We all know what the Occupy movement is all about at it’s roots; it can be summed up with this single phrase: We are the 99%. What complicates things however is that this movement also presents an opportunity for people to push their causes and ideas forward to a group of activists hungry for change and willing to listen.
The thing is is that not everyone is on the same page when it comes to those subsequent causes.For instance, in Square Victoria the statue of the Queen is currently holding a Quebec Patriote Flag, and the Patriotic Militia of Quebec are holding a strong presence at the square as well, something not all participants agree on.
Though there is one message that seems to ring true for everyone, the importance of the environment. Many share the view that tremendous amounts of wealth are made not solely by exploiting the working man but the environment and it’s resources as well.
Wednesday morning, I woke up at what is now being called The People’s Square and headed off for breakfast. ‘La Cuisine du Peuple’ provides nutritious, vegetarian meals complete with compost and recycling. Everyone takes what they need and not a crumb more.
Every morning, everyone is asked to take a garbage bag and help out with the cleaning to make sure there is no garbage or an excessive amount of cigarette butts. People also share the task of sweeping the square both day and night, making it so clean there are hardly any leaves on the ground even as we find ourselves in the dead of fall.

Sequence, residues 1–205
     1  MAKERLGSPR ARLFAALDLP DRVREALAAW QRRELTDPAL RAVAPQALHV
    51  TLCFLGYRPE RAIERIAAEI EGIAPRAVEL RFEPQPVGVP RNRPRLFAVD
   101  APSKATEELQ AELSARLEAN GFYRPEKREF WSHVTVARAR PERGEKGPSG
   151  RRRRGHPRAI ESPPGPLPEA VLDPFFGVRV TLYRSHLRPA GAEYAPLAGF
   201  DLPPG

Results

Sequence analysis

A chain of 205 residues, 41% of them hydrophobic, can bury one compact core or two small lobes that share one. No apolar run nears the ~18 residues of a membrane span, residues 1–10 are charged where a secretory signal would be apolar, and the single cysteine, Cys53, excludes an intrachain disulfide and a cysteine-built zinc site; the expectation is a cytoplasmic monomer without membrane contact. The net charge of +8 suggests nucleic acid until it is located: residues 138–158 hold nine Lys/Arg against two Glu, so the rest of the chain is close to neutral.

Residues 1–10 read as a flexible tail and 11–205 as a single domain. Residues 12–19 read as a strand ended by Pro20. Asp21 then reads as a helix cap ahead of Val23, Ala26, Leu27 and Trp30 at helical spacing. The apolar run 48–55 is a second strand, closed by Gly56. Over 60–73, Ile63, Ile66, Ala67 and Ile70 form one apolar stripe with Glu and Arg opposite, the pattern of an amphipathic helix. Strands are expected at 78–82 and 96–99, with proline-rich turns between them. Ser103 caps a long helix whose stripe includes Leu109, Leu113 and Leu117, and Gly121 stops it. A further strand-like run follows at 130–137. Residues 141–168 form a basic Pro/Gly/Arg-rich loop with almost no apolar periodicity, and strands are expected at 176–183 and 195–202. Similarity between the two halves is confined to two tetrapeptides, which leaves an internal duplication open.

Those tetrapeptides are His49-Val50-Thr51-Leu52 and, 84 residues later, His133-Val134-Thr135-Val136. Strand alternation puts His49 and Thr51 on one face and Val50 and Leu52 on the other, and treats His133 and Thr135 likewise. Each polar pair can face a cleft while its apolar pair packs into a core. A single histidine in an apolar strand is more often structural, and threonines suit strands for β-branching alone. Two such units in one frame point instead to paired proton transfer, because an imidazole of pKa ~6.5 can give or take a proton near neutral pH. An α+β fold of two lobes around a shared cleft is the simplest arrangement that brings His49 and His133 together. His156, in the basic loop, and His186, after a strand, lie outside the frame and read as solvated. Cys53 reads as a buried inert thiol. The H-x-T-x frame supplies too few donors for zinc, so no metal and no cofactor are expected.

Around lunch time a girl named Eve announced that she was donating her car for the movement. She would remain the owner of the car but only in legal terms. The car will be used to pick up supplies and groceries for everyone making it the community car, or ‘le civic du peuple.’ She invited everyone to paint it and together 10-15 people added what they liked including a bilingual message on the bumper that reads: “Save the Planet – Sauvons la Planete.”
In the early afternoon someone was circulating a petition (quite successfully) for the city to hold a public consultation on urban agriculture.
Later on a local artist was looking for help to build an idea garden, a place where people can write down their ideas about different issues in society like the ruling class and the environment.
This movement brings so many people together, people with strong convictions that may or may not mesh with others, but the environmental concern is one that can be seen and shared there everywhere you go.